The descriptions of the players are vivid ones. Of defensive batsman Tom Walker Nyren wrote; Tom’s hard ungain, scrag-of-mutton frame; wilted, apple-john face….. his long spider legs, as thick at the ankles as at the hips and perfectly straight all the way down. Walker must have been a courageous batsmen because Nyren went on to describe him as the driest and most rigid limbed chap I ever knew; his skin was like the rind of an old oak, and as sapless. I have seen his knuckles handsomely knocked about from Harris’s bowling, but never saw any blood upon his hands – you might just as well attempt to phlebotomise a mummy.
Of his father Nyren wrote; he was a good, face-to-face, unflinching, uncompromising, independent man. He placed a full and just value on the station he held in society, and he maintained it without insolence or assumption. He could differ with a superior, without trenching upon his dignity, or losing his own. I have known him maintain an opinion with great firmness against the Duke of Dorset and Sir Horace Mann.
The leading batsman of the Hambledon era was William Beldham, universally known as ‘Silver Billy’. Nyren described him as one of the most beautiful sights that can be imagined, and which would have delighted an artist, is to see him make himself up to hit a ball. It was the beau ideal of grace, animation, and concentrated energy.
If Silver Billy was the leading batsman of the time the bowling honours went to David Harris, and of Harris Nyren wrote; his attitude when preparing for his run previously to delivering the ball, would have made a beautiful study for the sculptor. First of all he stood erect like a soldier at drill; then, with a graceful curve of his arm, he raised the ball to his forehead, and drawing back his right foot, started off with his left. The calm look, and general air of the man were uncommonly striking, and from this series of preparations he never deviated. His mode of delivering the ball was very singular. He would bring it from under the arm by a twist and nearly as high as his armpit and with this action push it, as it were, from him. How it was that the balls acquired the extraordinary velocity they did by this mode of delivery I never could comprehend.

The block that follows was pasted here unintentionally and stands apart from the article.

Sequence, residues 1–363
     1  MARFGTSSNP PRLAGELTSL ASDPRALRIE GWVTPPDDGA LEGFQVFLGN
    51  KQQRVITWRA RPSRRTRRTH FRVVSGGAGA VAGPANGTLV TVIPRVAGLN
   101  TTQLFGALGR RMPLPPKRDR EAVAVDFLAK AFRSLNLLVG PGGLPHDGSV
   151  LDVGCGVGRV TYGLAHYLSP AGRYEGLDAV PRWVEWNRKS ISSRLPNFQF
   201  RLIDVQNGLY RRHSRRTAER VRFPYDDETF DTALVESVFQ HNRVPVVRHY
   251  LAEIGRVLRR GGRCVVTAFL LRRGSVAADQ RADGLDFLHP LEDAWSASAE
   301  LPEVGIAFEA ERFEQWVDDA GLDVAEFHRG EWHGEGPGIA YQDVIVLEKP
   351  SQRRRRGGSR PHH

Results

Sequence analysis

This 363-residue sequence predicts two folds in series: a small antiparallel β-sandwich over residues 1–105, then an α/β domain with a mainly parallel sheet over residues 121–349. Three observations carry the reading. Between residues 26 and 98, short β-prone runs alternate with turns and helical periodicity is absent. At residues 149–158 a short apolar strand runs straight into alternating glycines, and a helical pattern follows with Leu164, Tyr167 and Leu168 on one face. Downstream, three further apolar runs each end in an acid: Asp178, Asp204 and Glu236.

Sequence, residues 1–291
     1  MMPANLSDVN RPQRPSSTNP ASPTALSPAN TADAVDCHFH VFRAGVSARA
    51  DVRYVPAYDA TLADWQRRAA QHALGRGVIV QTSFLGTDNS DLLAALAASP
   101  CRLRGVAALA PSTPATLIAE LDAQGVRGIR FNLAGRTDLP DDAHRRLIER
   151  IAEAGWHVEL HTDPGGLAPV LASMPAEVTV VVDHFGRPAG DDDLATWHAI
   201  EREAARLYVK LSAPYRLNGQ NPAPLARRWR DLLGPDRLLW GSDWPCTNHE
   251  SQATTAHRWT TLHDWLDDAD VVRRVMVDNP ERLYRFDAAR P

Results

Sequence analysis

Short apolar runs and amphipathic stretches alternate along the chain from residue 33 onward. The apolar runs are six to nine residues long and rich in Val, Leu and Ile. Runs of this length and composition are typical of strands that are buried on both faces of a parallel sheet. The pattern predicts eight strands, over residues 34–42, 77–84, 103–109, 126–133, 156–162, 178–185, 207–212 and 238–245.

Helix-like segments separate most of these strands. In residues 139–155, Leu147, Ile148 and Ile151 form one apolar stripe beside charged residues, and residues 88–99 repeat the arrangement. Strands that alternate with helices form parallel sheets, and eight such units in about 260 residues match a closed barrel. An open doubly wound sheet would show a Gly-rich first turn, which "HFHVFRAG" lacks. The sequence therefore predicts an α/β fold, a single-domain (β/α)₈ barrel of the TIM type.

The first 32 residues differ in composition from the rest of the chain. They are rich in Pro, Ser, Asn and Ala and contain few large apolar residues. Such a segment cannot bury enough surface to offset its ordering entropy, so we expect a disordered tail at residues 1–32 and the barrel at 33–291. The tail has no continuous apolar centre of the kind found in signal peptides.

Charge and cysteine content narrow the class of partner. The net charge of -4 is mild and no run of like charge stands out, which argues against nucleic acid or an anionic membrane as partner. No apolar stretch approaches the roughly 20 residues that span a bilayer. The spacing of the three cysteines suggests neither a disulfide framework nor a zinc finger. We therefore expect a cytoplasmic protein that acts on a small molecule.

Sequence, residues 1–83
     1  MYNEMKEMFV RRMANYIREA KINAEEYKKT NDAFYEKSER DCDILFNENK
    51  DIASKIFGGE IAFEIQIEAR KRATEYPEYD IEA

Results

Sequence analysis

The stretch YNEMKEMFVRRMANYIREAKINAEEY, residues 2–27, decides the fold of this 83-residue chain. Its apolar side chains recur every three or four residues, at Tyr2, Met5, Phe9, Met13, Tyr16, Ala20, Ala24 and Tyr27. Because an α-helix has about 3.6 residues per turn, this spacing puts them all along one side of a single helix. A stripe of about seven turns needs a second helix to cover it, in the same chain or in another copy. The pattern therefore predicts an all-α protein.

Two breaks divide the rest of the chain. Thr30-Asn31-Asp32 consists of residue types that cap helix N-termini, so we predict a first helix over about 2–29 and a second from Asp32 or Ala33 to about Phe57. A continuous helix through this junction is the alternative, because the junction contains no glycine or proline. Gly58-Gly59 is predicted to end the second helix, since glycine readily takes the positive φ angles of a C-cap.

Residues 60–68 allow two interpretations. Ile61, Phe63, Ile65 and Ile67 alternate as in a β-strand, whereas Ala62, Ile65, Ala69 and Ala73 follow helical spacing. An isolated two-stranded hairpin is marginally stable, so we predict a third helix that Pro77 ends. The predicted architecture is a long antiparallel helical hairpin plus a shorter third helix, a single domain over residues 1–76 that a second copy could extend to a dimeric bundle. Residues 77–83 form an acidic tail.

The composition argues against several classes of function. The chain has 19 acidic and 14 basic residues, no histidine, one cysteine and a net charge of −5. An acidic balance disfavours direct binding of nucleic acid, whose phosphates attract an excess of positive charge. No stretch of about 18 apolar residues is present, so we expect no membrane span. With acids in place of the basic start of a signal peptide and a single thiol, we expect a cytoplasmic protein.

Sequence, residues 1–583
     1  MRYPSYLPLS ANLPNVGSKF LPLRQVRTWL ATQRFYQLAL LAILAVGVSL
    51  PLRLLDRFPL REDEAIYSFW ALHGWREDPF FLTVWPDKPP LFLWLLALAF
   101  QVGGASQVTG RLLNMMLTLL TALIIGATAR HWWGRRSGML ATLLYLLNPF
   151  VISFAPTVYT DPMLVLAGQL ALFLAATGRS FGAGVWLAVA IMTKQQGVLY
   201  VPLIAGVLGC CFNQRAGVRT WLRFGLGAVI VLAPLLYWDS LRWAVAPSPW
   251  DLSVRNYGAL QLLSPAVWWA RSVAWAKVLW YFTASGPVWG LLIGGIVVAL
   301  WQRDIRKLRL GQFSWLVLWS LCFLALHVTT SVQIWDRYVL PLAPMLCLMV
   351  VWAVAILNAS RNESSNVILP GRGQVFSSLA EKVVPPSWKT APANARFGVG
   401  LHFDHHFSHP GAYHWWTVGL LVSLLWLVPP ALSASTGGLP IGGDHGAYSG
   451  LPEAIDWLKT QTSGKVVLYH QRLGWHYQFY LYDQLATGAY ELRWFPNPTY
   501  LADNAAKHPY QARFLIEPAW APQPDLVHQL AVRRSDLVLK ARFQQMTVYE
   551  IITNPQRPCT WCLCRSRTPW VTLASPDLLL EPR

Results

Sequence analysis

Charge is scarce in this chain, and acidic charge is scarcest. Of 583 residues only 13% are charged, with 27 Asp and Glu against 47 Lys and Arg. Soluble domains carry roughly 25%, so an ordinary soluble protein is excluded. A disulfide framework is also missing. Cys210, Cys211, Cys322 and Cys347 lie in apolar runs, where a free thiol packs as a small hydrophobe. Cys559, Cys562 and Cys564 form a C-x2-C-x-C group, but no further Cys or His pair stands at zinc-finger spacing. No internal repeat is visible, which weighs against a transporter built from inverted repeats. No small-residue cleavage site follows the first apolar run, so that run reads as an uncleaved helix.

How easy is to get hold of a copy of Nyren? The short answer is very simple, but the long answer rather depends on what it is you are after. The first edition of course is getting on for two hundred years old but, perhaps surprisingly, can still be had for around £500.
There were eleven editions of the book all told, the second appearing in 1840 and subsequently 1845, 1846, 1848, 1848 (again), 1849, 1851, 1854, 1854(again) and 1855 which suggests either an overly cautious approach to numbers or sales that consistently exceeded expectations. The later editions can be had for around £100.
That was it for more than thirty years before, in 1888, Nyren’s work, Lillywhite’s Handbook of Cricket and Denison’s Sketches of the Players were reprinted as The Chronicles of Cricket. A further reprint appeared in 1893 as part of a series entitled Classics of Cricket and then, in 1902, the foremost historian of the day, FS Ashley-Cooper, published a further reprint in a series called Sportsman’s Classics. In addition to Noreen’s text there is an eleven page introduction from Ashley-Cooper plus eight appendices including various pieces of additional research.
It was a mere five years before a further book including a reprint of Nyren appeared, as part of a wider study by EV Lucas entitled The Hambledon Men.
After that flurry of activity demand for Nyren was once more sated for the time being and this time it was forty years before, in 1948, with an introduction by Neville Cardus the book was reprinted again. There was a limited edition of 750 copies, 50 of which were specially bound. In the same year John Arlott gave his name to a reprint, although From Hambledon to Lord’s was not confined to Nyren, and included the work of Denison, James Pycroft and John Mitford as well.
In 1952 a Sportsmen’s Book Club edition of The Hambledon Men appeared, and in 1954 a further edition with Phoenix House. In 1974 a revised version of the 1888 reprint appeared with an introduction from Arlott and then, and to date finally, Mote’s wide ranging and comprehensive reappraisal was published again in 1998. The most frequently seen editions are Mote’s and the 1974 Arlott, both of which can currently be bought on eBay for less than a fiver.